• Partitioning
    • In specific, Iceberg supports partitioning evolution. This means that you can change the partitioning scheme (or shard key) of a table without rewriting all the existing data. This was a huge painpoint at Netflix and it was one of the reasons they created Iceberg.
  • Schema Evolution
  • Data Compression
  • ACID Transactions around schema changes
  • Efficient Query Optimization (things like column pruning, predicate pushdown, and statistics collection to accelerate queries)
  • Time travel (point in time queries)

I studied the Iceberg specification, and I am extremely impressed by its design. It is no wonder that it is becoming extremely popular as a supported format by so many different systems. This will certainly drive products which operate on closed formats to be as performant as possible on their own formats, and to somehow support Iceberg/Delta Lake. However, there's no going back now — Iceberg will become a "checkbox feature", and all database systems will have to support it sooner or later. And can Iceberg eventually replace the closed data formats? This is more complicated, and it probably won't happen due to performance reasons. The truth is that developing a data format for a single query engine, which again only has to operate on that one data format, gives database developers the ability to extract maximum efficiency and innovate more quickly. But who knows!

And so, what are Data Lakes and Data Lakehouses?

Both of these terms have always been a bit confusing to me, but I’m starting to understand them better now.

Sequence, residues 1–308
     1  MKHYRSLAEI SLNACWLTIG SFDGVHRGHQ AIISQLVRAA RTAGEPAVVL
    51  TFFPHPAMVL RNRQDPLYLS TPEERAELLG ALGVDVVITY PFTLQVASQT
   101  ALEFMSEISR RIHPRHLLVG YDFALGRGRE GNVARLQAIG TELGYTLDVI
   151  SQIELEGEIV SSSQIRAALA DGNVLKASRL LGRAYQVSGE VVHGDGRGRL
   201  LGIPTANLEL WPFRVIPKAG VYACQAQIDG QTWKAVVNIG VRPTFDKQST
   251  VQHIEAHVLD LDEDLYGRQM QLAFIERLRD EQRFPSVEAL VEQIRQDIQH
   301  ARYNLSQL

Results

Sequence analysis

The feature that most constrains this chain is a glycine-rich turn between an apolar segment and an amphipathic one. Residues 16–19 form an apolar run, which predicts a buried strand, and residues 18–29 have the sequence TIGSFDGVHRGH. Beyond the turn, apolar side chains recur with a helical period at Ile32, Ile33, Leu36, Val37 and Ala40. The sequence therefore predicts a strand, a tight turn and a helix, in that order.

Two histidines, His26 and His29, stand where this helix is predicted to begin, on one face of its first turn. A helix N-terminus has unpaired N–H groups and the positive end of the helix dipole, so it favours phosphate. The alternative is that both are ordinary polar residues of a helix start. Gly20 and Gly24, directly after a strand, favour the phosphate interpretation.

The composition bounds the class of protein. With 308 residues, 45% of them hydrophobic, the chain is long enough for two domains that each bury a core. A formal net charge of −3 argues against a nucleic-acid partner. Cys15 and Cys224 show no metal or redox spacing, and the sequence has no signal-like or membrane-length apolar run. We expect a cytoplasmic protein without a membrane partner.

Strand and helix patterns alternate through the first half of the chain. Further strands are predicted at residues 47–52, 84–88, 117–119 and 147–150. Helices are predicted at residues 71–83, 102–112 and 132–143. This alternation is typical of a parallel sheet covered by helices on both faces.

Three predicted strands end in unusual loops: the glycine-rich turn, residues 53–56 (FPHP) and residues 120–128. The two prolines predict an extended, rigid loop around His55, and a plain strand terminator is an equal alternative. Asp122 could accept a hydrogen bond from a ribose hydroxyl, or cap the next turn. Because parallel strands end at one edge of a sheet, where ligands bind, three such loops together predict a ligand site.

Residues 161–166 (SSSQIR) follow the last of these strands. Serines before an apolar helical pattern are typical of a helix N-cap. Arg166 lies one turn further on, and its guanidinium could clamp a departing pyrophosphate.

So, a Data Lake is where companies store their large amounts of data in some raw format like OCR or Parquet, or even CSV files (picture an S3 bucket with lots of these files). This is different from a Data Warehouse where companies are storing this data in a more structured way (schematized SQL tables and database schemas). And Data Lakehouses are basically the conjunction between a Data Lake, and the ability to do things like running SQL queries, running batch jobs, and setting up data governance schemes. These can now be built on top of a Data Lake with Iceberg together with some query engine and other "add-ons", whereas before you’d need to adopt a Data Warehouse (or a more classic DMBS) to do these things.

Data Lakehouses leverage some sort of scalable storage as the location for all the data (HDFS or a Cloud Blob Store like S3). And they’ve optimized their query engines to be very fast on these storage engines. The idea, then, is that data lakehouses are basically the open version of a data warehouse. And finally, some examples of Data Lakehouse products are Databricks and Dremio.

However, I think the line between a Data Warehouse and a Data Lakehouse is becoming more blurry as certain warehouses such as Snowflake and BigQuery add support for open data formats like Iceberg. This will be very interesting to observe over the years to come!

That’s it!

Thank you for sticking around — hopefully the "Sources" section below is also interesting. I certainly learnt a lot while writing this blog post, as I wrote it for myself more than anything else. As such, I don’t expect others to be able to take too much away from this.

Feel free to reach out on Twitter!


Netflix and Iceberg

There are a few talks, that if watched in order, will give you a really good historical overview into how Apache Iceberg came to be: